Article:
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Hamas presses Egypt over Rafah crossing in rare Cairo talks

Hamas's leader in Gaza calls talks a 'positive step', just days after Egypt accused group of plotting death of country's top prosecutor
An Egyptian soldier stands guard at the Rafah border crossing with Gaza (AFP)

GAZA CITY - A surprise visit by senior Hamas leaders to Cairo has raised hopes in Gaza of a rapprochement between Egypt and the blockaded Palestinian territory’s de facto authorities that could pave the way for the Rafah border crossing to be opened on a regular basis.

Hamas has been at odds with the current Egyptian government of Abdel Fattah al-Sisi since the 2013 coup in which elected president Mohamed Morsi was overthrown and the Hamas-allied Muslim Brotherhood was outlawed, with hundreds of its members including Morsi sentenced to death.

The delegation's arrival in Cairo on Saturday also came just days after Egypt’s Interior Minister Magdy Abdel Ghaffar accused Hamas of involvement in the planning of a bomb attack in Cairo last June in which the country’s top prosecutor Hisham Barak was killed.

Ghaffar said that Hamas had trained several Egyptian Brotherhood members to carry out the attack, prompting Hamas to respond that the allegation was “baseless”.

According to the Palestinian Maan news agency, plans for Hamas's Qatar-based leader Khaled Meshaal to join the delegation and hold talks with Egyptian security chief Khalid Fawzi were swiftly postponed because of the row.

But more recent comments by senior Egyptian and Hamas officials have suggested a more conciliatory tone on both sides.

Writing on Twitter on Tuesday evening, Khalil Al-Hayya, a member of the delegation, said that talks with Egyptian intelligence officials had been “responsible and transparent”.

He said that Hamas condemned all assassinations in Egypt and denied that the group had ever interfered in Egyptian affairs.

In a letter published in the Hamas-aligned Al Resalah newspaper to coincide with the talks, Mahmoud Fahmy, Egypt’s first ambassador to the Palestinian Authority, said he believed Hamas had no evil intentions towards Egypt.

“My conviction towards Hamas will never change as the Hamas I knew would only do what is good for us,” he said.

The visit by Hamas officials has also fuelled rumour and hope in Gaza that Egypt could be poised to re-open the Rafah crossing, the only non-Israeli-controlled entry point and a vital lifeline for the besieged enclave where 70 percent of the population rely on humanitarian aid.

“Egypt is the only one with the power to open the border crossing” Ayyad, a 26-year-old cigarette vendor in Rafah, told MEE.

“They are the ones with the key to the gate that can change life here for the better.”

Egypt last year opened the crossing on just 21 days, according to Hamas’ interior ministry figures, allowing a few thousand people to move both ways, as well as flooding and demolishing many of the border tunnels that were used to smuggle people and goods in and out.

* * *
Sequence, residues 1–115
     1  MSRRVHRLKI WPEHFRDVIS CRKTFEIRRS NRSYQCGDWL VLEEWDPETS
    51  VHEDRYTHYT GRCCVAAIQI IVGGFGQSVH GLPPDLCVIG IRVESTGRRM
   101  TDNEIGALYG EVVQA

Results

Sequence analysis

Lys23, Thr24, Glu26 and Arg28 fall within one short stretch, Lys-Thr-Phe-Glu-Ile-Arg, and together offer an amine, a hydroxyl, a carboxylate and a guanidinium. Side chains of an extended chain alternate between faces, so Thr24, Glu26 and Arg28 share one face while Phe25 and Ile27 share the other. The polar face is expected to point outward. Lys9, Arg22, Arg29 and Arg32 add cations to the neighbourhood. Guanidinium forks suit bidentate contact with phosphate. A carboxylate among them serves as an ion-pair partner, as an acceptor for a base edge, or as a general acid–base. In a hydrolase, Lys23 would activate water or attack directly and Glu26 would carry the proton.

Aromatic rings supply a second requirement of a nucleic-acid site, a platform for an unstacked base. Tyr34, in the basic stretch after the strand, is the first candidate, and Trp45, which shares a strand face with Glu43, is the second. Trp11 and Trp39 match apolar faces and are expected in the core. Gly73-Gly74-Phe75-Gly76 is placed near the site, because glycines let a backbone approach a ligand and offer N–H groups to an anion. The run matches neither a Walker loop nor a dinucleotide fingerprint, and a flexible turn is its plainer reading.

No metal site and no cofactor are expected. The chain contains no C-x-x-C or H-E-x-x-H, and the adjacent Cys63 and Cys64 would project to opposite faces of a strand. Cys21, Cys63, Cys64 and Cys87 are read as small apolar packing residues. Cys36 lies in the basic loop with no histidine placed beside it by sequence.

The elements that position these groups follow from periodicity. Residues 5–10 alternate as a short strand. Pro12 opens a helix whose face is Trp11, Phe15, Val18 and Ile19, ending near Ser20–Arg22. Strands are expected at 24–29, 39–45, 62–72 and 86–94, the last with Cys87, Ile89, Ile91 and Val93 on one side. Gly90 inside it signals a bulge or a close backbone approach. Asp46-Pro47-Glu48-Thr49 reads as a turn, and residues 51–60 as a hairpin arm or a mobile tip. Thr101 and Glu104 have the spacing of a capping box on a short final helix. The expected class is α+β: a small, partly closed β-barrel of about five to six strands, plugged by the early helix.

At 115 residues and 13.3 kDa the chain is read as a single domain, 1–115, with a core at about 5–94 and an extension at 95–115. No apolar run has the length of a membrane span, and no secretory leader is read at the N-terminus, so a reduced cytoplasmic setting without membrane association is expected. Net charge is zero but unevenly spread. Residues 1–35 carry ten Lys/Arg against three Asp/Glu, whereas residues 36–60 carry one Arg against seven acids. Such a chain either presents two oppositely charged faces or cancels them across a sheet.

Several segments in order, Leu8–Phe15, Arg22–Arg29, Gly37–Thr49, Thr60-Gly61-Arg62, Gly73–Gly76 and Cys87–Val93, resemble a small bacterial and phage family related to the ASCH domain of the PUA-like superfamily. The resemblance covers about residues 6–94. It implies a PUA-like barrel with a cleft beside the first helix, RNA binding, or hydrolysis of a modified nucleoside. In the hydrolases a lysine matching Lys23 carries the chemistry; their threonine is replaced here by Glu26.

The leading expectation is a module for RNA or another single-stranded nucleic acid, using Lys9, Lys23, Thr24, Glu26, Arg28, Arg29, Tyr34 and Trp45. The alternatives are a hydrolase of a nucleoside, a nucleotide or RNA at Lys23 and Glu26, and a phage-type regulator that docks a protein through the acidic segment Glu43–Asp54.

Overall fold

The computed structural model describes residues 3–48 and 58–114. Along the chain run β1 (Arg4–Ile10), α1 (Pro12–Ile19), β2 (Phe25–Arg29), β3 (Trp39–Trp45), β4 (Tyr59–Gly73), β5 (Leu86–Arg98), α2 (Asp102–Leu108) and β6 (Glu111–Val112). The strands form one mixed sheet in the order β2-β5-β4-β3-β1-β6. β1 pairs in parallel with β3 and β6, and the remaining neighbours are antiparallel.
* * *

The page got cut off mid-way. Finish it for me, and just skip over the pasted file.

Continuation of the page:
Yet before Egypt’s coup in mid-2013, up to 40,000 people had been able to come and go each month, according to Gisha, an Israeli human rights group.

“In emphasising the historical role of Egypt towards the Palestinian people, we ask our brothers in Egypt to alleviate the suffering in Gaza Strip and to begin by opening the Rafah border crossing,” Hayya said on Tuesday.

But analysts in Gaza told MEE that they remained sceptical that the talks in Cairo would reap immediate results – and that several days of silence on both sides did not indicate that discussions had been straightforward.

“The meeting is more of an exploration [of views] following all the accusations made by Cairo,” said Gaza-based analyst Akram Atallah, adding that Egypt was seen as having an important role to play in reconciling Hamas, which has ruled Gaza since 2007, with the West Bank-based Palestinian Authority.

Ismail Radwan, Hamas's leader in Gaza, also said that the talks were ongoing and serious.

“We are keen on the continuation of the relationship between Hamas and Egypt,” he said, describing the visit as “a step towards achieving positive results”.

Radwan said that the opening of the Rafah crossing could bring economic benefits for Gaza and Egypt of between three and seven billion dollars.

“Egypt has a priority to get these profits,” he added.

Reports of reconciliation between Hamas and Egyptian intelligence officials have also raised fears among hardline groups in Gaza that they could be targets for a renewed crackdown.

Hamas security officials reportedly moved to arrest Wael Hassanin, an influential Salafist preacher, and members of his entourage within hours of the meeting in Cairo, according to the Ibn Taymiyyah Media Center, which is aligned with the Mujahideen Shura Council (MSC) in the environs of Jerusalem, a Salafist militant group.

During Morsi’s presidency, the MSC, which operates in both Gaza and the Sinai, accused Hamas of allowing Egyptian intelligence agents to enter Gaza and interrogate its members arrested there following rocket attacks on the Israeli town of Eilat.

Ahmed Yousef, a senior Hamas leader, said that the delegation also planned to visit regional capitals in Qatar, Saudi Arabia, Iran, Turkey and Lebanon before returning to Gaza.